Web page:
Question for Supporters of the Individual Mandate
Can I just get an admission that this makes the so-called individual mandate look pretty ridiculous?
The individual mandate — that is, the affirmative requirement that all people must purchase health insurance from a given list of programs — is now under fire for its doubtful constitutionality. Never before has Congress declared that a person’s inaction (on a matter only indirectly affecting interstate commerce!) is a proper subject for congressional regulation, and that failing to purchase a government-approved product is a regulable
activity… er, a regulable inactivity.
Here’s the trouble as I see it. Make inaction regulable, and anything can be made compulsory. Anything! Inaction includes a virtually limitless number of things that I’m not currently doing, and — with respect to my inaction — Congress would appear empowered to direct me otherwise.
On this theory there is no limit to the economic activities we might be forced to undertake, all because not doing them might affect interstate commerce: You failed to shop at Wal-Mart, a firm that engages in interstate commerce. We therefore direct you to shop at Wal-Mart, under the authority of the interstate commerce power. You failed to drink enough Coca-Cola, so now you must go buy (and consume) more of it. Aaaand you failed to provide at least 20 hours of slave labor last month — slave labor whose product could have entered the stream of interstate commerce, if only you had done it!
I trust the last is merely an absurdity. But where would supporters of the theory draw the line? There is a difference between prohibiting an action and compelling one — and the latter is much more of an attack on individual liberty. Nor does the usual analogy to auto insurance hold up — auto insurance is a product tied, at the state level, to another very clearly related set of actions — owning and driving a car. Compulsory health insurance applies to everyone, merely for being human. Surely this is a relevant difference.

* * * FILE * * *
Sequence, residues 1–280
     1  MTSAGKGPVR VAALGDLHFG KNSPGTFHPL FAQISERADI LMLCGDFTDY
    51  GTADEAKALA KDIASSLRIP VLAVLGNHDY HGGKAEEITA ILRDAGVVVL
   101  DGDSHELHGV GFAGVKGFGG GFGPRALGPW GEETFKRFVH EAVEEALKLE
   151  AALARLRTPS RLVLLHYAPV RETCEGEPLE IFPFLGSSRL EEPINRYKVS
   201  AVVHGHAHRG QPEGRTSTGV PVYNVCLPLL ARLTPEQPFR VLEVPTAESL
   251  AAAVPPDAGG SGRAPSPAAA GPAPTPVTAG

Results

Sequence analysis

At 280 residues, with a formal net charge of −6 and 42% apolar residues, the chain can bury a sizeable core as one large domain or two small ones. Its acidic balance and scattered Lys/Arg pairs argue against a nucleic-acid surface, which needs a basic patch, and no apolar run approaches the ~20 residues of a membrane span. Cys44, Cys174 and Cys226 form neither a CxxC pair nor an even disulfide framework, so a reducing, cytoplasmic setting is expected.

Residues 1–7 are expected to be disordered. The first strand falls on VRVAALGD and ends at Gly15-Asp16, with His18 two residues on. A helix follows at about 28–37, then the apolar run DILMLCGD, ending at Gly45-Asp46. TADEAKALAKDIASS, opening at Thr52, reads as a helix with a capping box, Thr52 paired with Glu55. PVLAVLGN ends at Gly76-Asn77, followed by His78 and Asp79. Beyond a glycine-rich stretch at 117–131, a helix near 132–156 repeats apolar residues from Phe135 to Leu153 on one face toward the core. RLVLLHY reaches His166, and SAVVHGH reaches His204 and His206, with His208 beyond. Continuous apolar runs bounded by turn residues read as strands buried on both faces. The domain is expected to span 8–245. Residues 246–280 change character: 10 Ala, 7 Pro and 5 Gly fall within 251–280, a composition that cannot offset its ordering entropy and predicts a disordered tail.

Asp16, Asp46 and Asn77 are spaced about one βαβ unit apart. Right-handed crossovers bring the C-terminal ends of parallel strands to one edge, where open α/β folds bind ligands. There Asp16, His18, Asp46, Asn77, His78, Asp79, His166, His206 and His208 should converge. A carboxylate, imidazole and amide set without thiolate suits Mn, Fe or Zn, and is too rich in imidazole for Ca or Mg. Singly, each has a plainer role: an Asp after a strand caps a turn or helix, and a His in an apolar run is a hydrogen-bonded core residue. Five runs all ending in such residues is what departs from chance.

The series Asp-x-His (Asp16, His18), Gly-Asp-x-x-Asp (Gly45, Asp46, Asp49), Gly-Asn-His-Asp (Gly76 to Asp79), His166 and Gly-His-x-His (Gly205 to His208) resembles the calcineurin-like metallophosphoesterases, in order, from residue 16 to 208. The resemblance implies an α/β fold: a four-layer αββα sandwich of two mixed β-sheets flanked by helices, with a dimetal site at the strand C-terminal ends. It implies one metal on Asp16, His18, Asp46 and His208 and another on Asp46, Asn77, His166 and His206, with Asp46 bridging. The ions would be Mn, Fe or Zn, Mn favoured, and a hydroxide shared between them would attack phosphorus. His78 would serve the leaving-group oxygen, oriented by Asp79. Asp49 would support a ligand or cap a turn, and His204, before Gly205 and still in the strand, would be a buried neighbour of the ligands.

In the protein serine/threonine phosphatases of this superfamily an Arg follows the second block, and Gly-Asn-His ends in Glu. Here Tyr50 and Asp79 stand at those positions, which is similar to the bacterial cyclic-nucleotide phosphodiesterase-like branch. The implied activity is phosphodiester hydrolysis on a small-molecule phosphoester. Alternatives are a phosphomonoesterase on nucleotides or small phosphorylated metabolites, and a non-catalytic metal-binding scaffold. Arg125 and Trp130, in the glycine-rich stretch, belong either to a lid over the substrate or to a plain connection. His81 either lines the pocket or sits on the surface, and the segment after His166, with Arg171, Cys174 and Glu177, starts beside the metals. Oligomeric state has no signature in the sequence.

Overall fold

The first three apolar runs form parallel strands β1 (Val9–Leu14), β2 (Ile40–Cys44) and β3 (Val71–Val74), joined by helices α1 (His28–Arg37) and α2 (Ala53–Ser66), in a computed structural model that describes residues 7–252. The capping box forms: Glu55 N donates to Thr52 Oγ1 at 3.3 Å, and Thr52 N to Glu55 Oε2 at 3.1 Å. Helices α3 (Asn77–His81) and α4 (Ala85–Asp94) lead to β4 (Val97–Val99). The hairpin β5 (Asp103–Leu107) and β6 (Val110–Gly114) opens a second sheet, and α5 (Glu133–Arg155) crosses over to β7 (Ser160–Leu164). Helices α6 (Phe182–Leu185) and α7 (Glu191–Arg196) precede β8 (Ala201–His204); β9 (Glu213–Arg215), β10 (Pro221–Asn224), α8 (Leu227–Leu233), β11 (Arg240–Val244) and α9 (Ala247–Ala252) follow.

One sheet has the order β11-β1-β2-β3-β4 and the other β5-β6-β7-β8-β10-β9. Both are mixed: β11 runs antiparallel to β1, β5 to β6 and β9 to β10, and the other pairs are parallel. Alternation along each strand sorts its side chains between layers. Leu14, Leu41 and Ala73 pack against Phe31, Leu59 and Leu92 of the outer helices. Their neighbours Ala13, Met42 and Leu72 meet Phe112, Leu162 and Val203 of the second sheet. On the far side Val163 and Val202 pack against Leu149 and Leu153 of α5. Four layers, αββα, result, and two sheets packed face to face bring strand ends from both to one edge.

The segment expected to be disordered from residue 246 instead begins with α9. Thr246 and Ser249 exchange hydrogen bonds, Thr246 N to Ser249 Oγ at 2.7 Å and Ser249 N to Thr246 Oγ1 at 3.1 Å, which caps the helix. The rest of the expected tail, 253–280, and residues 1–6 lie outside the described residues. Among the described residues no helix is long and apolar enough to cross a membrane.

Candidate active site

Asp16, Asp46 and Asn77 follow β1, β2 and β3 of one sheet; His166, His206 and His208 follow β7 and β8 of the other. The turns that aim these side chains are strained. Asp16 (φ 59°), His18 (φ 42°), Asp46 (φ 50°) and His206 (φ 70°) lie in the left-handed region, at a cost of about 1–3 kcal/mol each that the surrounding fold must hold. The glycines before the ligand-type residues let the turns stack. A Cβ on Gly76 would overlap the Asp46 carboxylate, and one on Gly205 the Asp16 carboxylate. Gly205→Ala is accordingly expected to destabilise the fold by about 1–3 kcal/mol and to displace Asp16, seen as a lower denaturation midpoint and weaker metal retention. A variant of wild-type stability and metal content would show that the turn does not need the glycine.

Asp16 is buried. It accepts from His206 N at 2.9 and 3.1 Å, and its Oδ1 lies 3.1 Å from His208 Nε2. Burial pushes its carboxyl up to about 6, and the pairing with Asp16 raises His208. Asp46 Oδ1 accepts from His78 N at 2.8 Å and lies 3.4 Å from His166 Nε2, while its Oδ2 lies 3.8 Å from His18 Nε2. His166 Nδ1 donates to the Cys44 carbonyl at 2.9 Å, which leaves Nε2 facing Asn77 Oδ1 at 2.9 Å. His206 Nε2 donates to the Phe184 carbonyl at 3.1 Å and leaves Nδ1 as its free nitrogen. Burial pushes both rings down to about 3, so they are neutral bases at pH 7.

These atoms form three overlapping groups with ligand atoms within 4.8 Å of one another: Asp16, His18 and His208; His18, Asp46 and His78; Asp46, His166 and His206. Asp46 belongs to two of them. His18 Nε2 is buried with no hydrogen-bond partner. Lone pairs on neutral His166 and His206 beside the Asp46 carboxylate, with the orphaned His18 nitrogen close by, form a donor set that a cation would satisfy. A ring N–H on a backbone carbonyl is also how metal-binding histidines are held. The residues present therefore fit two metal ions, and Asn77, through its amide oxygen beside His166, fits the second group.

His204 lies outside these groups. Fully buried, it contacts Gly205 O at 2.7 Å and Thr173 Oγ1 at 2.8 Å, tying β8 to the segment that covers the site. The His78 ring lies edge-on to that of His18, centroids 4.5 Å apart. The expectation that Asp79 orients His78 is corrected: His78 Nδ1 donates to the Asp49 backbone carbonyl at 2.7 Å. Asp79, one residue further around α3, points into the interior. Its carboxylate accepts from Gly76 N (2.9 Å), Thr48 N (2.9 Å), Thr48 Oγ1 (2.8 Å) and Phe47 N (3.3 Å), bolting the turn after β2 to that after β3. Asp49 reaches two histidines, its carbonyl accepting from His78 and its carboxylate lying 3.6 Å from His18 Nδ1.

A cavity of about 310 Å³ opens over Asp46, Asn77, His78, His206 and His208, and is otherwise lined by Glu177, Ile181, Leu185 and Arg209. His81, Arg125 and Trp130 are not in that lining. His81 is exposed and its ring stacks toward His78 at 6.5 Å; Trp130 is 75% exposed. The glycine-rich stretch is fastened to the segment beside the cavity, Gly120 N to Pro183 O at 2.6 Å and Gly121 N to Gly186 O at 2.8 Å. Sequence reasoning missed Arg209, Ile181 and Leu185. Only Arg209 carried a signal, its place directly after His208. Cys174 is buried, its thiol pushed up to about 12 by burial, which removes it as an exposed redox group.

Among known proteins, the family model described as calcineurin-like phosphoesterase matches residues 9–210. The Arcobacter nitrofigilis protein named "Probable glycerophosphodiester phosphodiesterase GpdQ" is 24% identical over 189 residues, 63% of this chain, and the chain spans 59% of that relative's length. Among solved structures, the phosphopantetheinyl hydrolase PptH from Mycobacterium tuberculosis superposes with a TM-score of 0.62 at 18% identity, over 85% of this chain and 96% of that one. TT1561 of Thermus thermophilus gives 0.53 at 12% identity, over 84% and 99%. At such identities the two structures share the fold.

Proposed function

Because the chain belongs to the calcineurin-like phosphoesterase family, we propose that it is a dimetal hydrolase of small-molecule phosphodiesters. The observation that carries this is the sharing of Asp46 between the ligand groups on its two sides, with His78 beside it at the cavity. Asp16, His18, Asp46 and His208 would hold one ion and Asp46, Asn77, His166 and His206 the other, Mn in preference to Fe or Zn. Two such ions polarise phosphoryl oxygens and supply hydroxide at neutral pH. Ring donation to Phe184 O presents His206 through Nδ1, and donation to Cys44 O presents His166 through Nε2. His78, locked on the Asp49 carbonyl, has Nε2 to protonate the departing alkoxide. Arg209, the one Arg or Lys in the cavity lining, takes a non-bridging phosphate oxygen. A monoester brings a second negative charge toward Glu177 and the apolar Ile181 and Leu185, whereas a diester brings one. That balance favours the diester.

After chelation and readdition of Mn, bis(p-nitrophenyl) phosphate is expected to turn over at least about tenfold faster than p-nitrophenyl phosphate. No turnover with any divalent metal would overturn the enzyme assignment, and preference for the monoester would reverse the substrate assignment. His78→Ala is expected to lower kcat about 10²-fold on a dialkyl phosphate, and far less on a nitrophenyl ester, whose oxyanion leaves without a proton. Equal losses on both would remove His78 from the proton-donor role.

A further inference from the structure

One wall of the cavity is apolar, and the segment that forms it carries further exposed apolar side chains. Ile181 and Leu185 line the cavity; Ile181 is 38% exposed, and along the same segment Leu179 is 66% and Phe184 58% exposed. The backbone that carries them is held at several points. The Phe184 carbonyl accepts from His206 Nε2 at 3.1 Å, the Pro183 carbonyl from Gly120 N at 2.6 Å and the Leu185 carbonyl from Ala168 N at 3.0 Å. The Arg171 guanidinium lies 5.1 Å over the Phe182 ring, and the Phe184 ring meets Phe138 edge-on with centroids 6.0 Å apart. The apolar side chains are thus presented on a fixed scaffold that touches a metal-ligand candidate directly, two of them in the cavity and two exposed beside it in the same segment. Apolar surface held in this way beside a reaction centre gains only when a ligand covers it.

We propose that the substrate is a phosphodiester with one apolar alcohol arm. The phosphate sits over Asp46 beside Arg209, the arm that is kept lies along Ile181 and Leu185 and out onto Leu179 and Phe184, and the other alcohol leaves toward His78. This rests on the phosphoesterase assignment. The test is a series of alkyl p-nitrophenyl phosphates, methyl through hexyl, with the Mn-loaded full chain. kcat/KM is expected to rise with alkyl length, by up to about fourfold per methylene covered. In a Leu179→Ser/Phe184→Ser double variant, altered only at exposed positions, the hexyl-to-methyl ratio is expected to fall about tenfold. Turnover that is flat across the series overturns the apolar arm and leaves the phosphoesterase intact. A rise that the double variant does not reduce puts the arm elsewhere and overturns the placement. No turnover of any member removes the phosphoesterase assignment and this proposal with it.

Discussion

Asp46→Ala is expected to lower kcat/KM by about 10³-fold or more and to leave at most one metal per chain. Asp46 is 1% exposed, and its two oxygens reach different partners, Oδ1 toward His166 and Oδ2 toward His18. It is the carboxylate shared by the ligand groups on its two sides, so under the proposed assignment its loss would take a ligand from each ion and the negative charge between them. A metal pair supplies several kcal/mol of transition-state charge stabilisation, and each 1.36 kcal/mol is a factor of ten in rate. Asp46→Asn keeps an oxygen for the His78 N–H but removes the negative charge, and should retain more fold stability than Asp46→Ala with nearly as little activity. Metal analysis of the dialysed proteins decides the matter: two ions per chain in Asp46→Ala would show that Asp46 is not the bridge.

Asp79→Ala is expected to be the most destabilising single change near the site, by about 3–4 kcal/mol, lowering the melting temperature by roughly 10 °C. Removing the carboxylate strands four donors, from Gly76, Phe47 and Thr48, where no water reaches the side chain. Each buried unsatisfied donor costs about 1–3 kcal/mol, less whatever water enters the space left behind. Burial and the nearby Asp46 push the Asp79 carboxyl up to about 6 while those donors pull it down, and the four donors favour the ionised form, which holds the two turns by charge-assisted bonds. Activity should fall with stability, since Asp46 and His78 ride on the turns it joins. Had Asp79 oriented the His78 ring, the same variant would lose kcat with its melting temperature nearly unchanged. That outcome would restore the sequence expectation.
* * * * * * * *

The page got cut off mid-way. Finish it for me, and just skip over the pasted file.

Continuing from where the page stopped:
Even compulsory tax payment isn’t as bad as the compulsory purchase of a product. People ordered to pay taxes can often act to avoid the tax, to minimize its burdens, or at the very least to secure the tax money through a very wide variety of different means. This leaves citizens relatively to their own devices. Ordering people to purchase a particular product or set of products does not allow any of these freedoms.
In the linked post, Professor Orin Kerr describes one possible fix here — rather than claiming to regulate inactivity, which is how it stands right now, the law might be amended to regulate inactivity in conjunction with some action that has already been found to be a part of interstate commerce, such as:
a) Congress prohibits the affirmative act of crossing state lines after having failed to purchase health insurance.
b) Congress prohibits the affirmative act of using a means of interstate commerce, such as the Internet or the telephone system, after having failed to purchase health insurance.
c) Congress prohibits the affirmative act of using the postal service after having failed to purchase health insurance.
d) Congress prohibits the affirmative act of purchasing of any item in interstate commerce after having failed to purchase health insurance.
Note that (d) under current jurisprudence would be tantamount to a direct, affirmative order anyway, under Wickard v. Filburn and the more recent Gonzales v. Raich, which held that economic activity taking place entirely within a given state may still count, for constitutional purposes, as “interstate commerce,” because such activity may have an indirect effect on interstate commerce.
(Of course, by this theory I actually am the Wal-Mart corporation, because my declining to shop at Wal-Mart may have an indirect effect on Wal-Mart. Such are the mysteries of constitutional interpretation.)
In any event, I’m curious what supporters of compulsory insurance think. Which of Prof. Kerr’s options is most palatable to you? Or are you okay with regulating inaction, just by itself, without much concern that it might lead to other compelled commercial activity? What guarantees do you have that you won’t be forced to buy other things in the future too? If this isn’t how you draw the line, then how would you draw the line?